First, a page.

The Domain Name System (DNS) is one of the most important services in the Internet. The DNS is a shared data base that manages the name space in the Internet. DNS runs on port 53 by default.
DNS is mainly used for the conversion of domain names in IP adresses (forward lookup). This is comparable with a phone book that resolves the subscribers name to their phone number. So the DNS provides a simplification because for men it is far more easier to remember names than a row of numbers. DNS also enables a reverse resolving of IP addresses to names (reverse lookup). In analogy to the phone book this is equal to a search for a subscribers name to a known phone number (within the telecom sector this is known as reverse telephone directory).
Furthermore the DNS enables a decoupling from the underlying structure, e.g. changing the IP address without changing the domain name and even rudimentary load balancing.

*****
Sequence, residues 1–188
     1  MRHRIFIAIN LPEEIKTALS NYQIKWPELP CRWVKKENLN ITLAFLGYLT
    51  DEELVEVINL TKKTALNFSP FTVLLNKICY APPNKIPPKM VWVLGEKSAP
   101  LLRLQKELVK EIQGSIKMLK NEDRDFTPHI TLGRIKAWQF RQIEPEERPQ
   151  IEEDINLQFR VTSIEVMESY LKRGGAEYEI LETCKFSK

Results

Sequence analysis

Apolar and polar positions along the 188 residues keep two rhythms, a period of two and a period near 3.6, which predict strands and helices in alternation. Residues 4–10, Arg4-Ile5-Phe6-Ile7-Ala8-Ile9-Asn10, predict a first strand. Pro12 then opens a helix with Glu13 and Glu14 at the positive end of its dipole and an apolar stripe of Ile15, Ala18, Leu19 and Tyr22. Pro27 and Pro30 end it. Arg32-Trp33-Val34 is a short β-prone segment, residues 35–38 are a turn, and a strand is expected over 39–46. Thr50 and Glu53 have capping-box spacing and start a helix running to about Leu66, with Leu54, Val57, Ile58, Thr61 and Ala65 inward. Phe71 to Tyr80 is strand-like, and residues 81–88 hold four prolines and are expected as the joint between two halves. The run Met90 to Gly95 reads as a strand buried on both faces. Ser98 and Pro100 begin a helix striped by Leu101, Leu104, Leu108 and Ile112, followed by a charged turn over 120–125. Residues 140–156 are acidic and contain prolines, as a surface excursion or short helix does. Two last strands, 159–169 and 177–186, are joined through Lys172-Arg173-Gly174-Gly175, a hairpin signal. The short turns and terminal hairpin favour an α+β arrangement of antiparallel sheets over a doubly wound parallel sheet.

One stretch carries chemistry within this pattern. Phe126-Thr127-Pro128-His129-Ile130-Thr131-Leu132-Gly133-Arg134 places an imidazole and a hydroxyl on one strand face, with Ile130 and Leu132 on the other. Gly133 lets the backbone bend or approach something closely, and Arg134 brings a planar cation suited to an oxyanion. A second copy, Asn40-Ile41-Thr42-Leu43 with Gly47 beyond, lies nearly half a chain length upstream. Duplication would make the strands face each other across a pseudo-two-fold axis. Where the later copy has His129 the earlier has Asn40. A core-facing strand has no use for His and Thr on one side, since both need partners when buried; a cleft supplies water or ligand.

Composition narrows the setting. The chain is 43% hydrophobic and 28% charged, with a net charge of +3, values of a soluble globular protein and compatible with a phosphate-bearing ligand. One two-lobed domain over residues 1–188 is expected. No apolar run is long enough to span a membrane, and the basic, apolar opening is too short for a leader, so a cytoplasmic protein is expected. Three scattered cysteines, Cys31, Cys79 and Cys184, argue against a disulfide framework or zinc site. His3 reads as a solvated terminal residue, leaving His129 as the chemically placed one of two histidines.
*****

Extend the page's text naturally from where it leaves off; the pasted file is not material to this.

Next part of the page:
The DNS was conceived in 1983 by Paul Mockapetris and is described in RFC 882. Since then the RFC 882 has been replaced by RFC 1034 and RFC 1035. The DNS also superseded the hosts files that were used for the name resolution. hosts files are partially used parallel to the DNS due to their simplicity. DNS is characterized by:
- Decentralised management
- Hierarchic structuring of the name space in a tree form
- Definiteness of the names